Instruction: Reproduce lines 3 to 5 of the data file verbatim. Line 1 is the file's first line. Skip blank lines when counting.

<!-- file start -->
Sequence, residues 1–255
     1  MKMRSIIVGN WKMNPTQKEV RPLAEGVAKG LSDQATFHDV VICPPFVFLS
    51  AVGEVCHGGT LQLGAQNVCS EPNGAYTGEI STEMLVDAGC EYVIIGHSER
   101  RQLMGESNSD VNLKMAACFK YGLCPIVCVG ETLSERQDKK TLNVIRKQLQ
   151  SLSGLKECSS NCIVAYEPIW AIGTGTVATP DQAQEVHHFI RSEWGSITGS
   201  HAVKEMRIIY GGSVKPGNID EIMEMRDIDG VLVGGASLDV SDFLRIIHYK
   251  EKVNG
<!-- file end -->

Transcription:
    51  AVGEVCHGGT LQLGAQNVCS EPNGAYTGEI STEMLVDAGC EYVIIGHSER
   101  RQLMGESNSD VNLKMAACFK YGLCPIVCVG ETLSERQDKK TLNVIRKQLQ
   151  SLSGLKECSS NCIVAYEPIW AIGTGTVATP DQAQEVHHFI RSEWGSITGS